- The form of payment;
- The date each contribution was made; and
- The total sum of all contributions to the recipient during the election.
A federal political committee makes its contributions within the limits specified in Article 22A.
No federal political committee may contribute in excess of the current contribution limit to a candidate committee or to a political committee in any election. Contributions limits in North Carolina are published at the beginning of each odd-numbered year and remain in place for the biennium. N.C.G.S. § 163-278.13(b). Limits are published in the North Carolina Register and can also be found on the State Board of Elections’ website. Effective Jan. 1, 2023, the contribution limit is $6,400.
If there is a primary and a general election, the federal political committee may give and the North Carolina candidate committee or political committee may receive, $6,400 between the beginning of the election cycle and the day of the primary, and $6,400 from the day after the primary through the end of the election year. N.C.G.S. § 163-278.13(e).
Any state, district or county executive committee of any political party recognized under N.C.G.S. § 163-96 is exempt from contribution limits. N.C.G.S. § 163-278.13(h). Please note that this exemption does not apply to subordinate groups. Subordinate groups, such as a Democratic Men’s Club or a Republican Women’s Club, are subject to contribution limits. Affiliated party committees organized under N.C.G.S. § 163-278.8A and N.C.G.S. § 163-278.8B are also exempt.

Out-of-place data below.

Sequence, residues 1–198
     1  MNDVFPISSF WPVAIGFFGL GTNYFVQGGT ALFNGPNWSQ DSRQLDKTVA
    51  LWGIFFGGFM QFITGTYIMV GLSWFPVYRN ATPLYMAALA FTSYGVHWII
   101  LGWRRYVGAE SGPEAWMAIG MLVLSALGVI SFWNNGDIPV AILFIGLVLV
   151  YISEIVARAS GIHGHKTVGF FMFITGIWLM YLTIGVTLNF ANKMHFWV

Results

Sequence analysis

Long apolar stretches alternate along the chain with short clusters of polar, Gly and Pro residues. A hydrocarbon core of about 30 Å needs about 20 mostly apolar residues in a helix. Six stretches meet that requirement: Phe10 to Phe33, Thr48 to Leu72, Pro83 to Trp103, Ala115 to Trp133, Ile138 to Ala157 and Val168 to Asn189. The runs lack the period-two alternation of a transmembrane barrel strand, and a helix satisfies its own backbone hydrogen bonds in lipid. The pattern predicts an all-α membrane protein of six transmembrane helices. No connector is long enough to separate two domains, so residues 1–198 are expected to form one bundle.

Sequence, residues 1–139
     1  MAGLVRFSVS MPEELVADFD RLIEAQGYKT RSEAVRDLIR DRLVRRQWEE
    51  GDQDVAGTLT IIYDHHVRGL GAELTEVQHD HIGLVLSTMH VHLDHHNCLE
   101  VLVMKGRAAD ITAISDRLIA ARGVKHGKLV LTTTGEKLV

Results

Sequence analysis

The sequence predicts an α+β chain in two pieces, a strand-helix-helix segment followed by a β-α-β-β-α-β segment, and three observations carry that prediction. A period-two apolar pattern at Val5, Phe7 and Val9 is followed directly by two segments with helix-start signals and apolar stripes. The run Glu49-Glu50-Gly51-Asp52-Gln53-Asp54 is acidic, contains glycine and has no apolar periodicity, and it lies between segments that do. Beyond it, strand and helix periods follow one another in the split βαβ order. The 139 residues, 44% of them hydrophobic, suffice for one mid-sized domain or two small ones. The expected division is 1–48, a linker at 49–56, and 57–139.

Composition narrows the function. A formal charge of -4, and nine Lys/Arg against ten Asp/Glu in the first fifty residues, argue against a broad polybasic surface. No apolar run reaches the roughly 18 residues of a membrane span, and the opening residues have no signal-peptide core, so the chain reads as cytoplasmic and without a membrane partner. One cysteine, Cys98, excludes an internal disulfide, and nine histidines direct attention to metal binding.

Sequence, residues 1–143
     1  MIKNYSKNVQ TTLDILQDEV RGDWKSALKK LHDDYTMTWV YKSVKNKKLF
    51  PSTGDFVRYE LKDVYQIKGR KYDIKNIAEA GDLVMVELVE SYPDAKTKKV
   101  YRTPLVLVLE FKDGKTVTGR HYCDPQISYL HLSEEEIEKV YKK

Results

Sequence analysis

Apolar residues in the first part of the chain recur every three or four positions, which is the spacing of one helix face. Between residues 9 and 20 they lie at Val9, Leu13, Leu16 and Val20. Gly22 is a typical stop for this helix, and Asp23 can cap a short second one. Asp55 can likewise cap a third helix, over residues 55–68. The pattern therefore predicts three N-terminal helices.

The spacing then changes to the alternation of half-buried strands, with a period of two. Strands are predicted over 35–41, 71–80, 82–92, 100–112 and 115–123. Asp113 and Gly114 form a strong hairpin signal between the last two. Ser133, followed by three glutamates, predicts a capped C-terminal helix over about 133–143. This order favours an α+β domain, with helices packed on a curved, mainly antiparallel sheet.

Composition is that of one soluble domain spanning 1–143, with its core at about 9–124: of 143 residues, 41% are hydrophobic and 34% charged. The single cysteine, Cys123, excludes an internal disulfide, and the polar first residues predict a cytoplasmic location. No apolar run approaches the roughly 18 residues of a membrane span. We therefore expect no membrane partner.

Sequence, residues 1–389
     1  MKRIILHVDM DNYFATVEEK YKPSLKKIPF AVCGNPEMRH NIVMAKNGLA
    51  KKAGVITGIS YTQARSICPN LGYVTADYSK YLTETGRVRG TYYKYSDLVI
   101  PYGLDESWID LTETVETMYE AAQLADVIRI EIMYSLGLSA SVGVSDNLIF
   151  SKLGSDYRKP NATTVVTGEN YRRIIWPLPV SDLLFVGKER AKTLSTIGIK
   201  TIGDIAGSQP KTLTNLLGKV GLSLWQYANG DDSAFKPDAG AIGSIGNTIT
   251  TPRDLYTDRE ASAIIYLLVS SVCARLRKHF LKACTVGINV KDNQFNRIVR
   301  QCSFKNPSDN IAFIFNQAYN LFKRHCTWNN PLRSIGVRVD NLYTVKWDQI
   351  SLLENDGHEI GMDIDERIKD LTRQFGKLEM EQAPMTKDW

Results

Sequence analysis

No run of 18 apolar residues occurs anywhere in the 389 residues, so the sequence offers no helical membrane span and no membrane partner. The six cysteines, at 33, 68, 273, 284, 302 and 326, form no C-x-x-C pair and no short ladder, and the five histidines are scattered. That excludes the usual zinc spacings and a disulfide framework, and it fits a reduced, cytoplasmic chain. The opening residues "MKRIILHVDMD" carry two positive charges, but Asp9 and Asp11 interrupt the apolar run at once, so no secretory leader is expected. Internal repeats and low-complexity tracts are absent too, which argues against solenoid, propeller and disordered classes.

Federal political committees that employ or contract with a North Carolina lobbyist and federal political committees whose parent entity employs or contracts with a North Carolina lobbyist may not make contributions to candidates for and members of the Council of State and General Assembly while the North Carolina General Assembly is in regular session. For more information, please see N.C.G.S. § 163-278.13B.
What About Federal Super PACs or Federal Independent Expenditure-Only Political Committees?